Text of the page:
The Most Beautiful Places in San Antonio
San Antonio's distinctive heritage, art, and culture make it a draw unlike any other city in Texas. Not only does it lead to the beauty of a perfectly puffy taco, but it's typified in iconic landmarks like the missions, King William Street, and Trinity University Campus, as well as a few unexpected locales. So whether you're looking for inspiration, excellent photo ops, or an excuse to get away from it all, seek out the most beautiful places in SA.
Thanks to heiress Marion Koogler McNay, in 1954 the McNay Art Museum opened in her repurposed Spanish Colonial Revival mansion set on 23 lush and landscaped acres north of Downtown. The facility and collection have expanded aggressively since that time, and the complex now houses more than 20,000 works ranging from Cézanne to Gauguin and van Gogh to O’Keeffe -- a sure recipe for museum fatigue. Soldier on or try this remedy: escape to the inner courtyard of the original building. Here, shadowy loggias surround stately palms, bubbling fountains banish cultural overload, filigreed benches beckon, and a decoratively tiled staircase suggests further retreat to second-story views of this Alamo City ode to the Alhambra, art, and oil money.
Take a good look around, see any Comanches? We didn’t think so. For that matter, we’re pretty sure that none were ever spotted in the 1920s when retired army officer, Colonel Edward H. Coppock, an alleged “romantic and history buff,” built this fanciful lookout tower as part of a larger, never-completed compound. Its current use is as the centerpiece of a 96-acre public park occupying one of the highest pieces of ground north of San Antonio. In addition to picnic facilities and a covered classroom, the site boasts several miles of trails, and, even though the tower itself isn't open, the views from the hilltop are unparalleled.
San Juan Capistrano is the smallest of the five Spanish missions that form a linked chain along the San Antonio River from the vaunted (and possibly over-loved) Alamo in the center of Downtown to Mission Espada and its renowned acequia south along the Mission Reach hike and bike trails. Dedicated in 1756, the existing chapel is part of a larger compound that was never completed due to politics. “As governing power figures in the area changed, so did support for the mission,” says the caretaker National Parks Service, and time wrought its own indignities in the form of imminent structural failure.
But in 2013, after extensive renovations, the chapel reopened, secure in support of both the structural and cultural sort. The simple but evocative interior, still hosting weekly masses, stands in dramatic contrast to the gilded grandeur of its Spanish forebears -- or even cathedrals-come-lately such as San Antonio’s own San Fernando.
The spelling of "theatre" lets you know that the Majestic Theatre isn’t just any old auditorium. Built in 1929, during an era that saw the construction of numerous “atmospheric” movie palaces, the Majestic was once the largest such facility in Texas -- and the second-largest in the country. But it’s not the size that impresses us most: Every inch of the interior is covered with decorative detail expressing a loose amalgam of Mediterranean, Spanish Colonial, and Neo-Baroque styles. A white peacock surveys the scene from one balcony, colored glass enlivens crenelated towers, a vineyard’s worth of grape vines embraces walls as the “sky” overhead twinkles with electric stars piercing through projected clouds.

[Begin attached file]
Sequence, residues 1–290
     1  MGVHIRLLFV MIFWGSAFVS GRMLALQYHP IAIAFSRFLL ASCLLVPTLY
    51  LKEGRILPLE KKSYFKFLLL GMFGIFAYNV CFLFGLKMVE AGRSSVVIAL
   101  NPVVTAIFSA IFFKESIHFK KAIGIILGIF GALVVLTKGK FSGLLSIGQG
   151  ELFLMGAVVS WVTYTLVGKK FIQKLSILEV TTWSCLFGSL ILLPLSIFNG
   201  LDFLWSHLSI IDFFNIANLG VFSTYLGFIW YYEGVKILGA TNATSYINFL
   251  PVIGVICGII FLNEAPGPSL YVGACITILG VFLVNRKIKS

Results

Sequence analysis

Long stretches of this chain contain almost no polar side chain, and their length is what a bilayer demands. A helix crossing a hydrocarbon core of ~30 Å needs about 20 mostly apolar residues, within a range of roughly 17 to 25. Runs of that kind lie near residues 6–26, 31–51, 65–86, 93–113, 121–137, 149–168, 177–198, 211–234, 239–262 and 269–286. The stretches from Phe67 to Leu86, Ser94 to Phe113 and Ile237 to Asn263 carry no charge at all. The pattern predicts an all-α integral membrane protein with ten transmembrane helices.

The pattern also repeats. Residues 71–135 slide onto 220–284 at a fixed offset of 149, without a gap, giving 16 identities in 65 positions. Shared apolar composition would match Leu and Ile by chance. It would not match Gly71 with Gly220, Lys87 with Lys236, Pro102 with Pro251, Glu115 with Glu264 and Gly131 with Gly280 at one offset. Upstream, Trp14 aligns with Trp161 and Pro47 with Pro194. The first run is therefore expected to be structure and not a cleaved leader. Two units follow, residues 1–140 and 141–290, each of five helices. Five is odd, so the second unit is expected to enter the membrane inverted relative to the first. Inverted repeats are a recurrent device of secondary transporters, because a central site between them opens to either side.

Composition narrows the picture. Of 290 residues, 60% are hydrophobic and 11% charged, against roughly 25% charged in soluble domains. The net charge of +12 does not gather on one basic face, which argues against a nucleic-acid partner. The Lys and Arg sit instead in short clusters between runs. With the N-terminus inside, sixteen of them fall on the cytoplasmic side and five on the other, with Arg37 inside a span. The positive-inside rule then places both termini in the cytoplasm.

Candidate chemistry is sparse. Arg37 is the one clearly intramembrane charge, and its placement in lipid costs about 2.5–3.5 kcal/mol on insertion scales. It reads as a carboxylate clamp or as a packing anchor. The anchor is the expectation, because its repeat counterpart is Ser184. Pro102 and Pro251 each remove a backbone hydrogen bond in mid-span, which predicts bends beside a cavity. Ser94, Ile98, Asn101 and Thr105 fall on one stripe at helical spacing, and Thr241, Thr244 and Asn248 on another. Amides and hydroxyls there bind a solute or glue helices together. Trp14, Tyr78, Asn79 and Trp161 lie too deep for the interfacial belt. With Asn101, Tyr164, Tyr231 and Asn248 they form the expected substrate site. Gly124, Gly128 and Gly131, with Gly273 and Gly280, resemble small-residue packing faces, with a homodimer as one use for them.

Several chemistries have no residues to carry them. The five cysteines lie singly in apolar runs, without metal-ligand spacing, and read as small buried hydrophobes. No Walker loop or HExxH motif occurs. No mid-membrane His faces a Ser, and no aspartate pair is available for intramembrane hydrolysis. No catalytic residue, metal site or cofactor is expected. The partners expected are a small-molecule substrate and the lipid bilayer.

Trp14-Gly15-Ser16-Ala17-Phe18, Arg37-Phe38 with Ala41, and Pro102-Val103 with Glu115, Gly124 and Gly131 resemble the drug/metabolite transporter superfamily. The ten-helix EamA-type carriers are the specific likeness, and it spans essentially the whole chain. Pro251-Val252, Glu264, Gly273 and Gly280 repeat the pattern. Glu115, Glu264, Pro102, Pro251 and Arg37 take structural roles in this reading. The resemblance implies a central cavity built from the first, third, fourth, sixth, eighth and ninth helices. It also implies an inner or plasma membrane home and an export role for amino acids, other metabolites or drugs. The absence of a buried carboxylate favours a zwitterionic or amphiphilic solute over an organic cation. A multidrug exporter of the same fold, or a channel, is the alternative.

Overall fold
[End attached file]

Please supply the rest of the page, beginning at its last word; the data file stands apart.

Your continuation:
It’s over-the-top, too much, a throwback to another time... which is exactly why we like it. And why it’s the perfect venue for road-show productions such as Phantom of the Opera, The Lion King, and Cats. And Cats again. Fortunately, touring troubadours such as Lyle Lovett and Lila Downs occasionally show up to add an air of authenticity. The smaller, much more restrained Empire Theatre, shares backstage space.
The appeal of the San Antonio Botanical Gardens is not only in its floral arrangements but in its historic structures, dazzlingly contemporary architecture, and wandering native trails. There are even dog-friendly events designed to let you and Fido smell the roses together. Visually, though, the garden’s centerpiece is the Lucile Halsell Conservatory, a complex of structures dominated by the glassy greenhouses that look like so many fractured icebergs tossed up on a Texas hillside; paradoxically, they shelter tropical palms.
Much more modest cabins in adobe, limestone, and piñon pine, each representing a Texas ecological region, dot the landscape. And the grand Sullivan Carriage House, a reconstruction that involved meticulously taking apart an historic structure once located Downtown and carefully reassembling it here, currently marks the entrance to the gardens. This is destined to change, however, as construction already underway to create a new entry point, focused on teaching gardens and an outdoor kitchen, will reorient both the physical entrance and the gardens’ educational priorities.
The Museum Reach, a new, 4 mile extension of the world-famous River Walk requires a little work, but who’s in a hurry? Here, apart from dodging the occasional jogger, you can meander along lushly landscaped banks, stopping to appreciate public art works such as F.I.S.H, a school of 25 suspended long-eared sunfish, each 7ft long and rendered in hand-painted resin.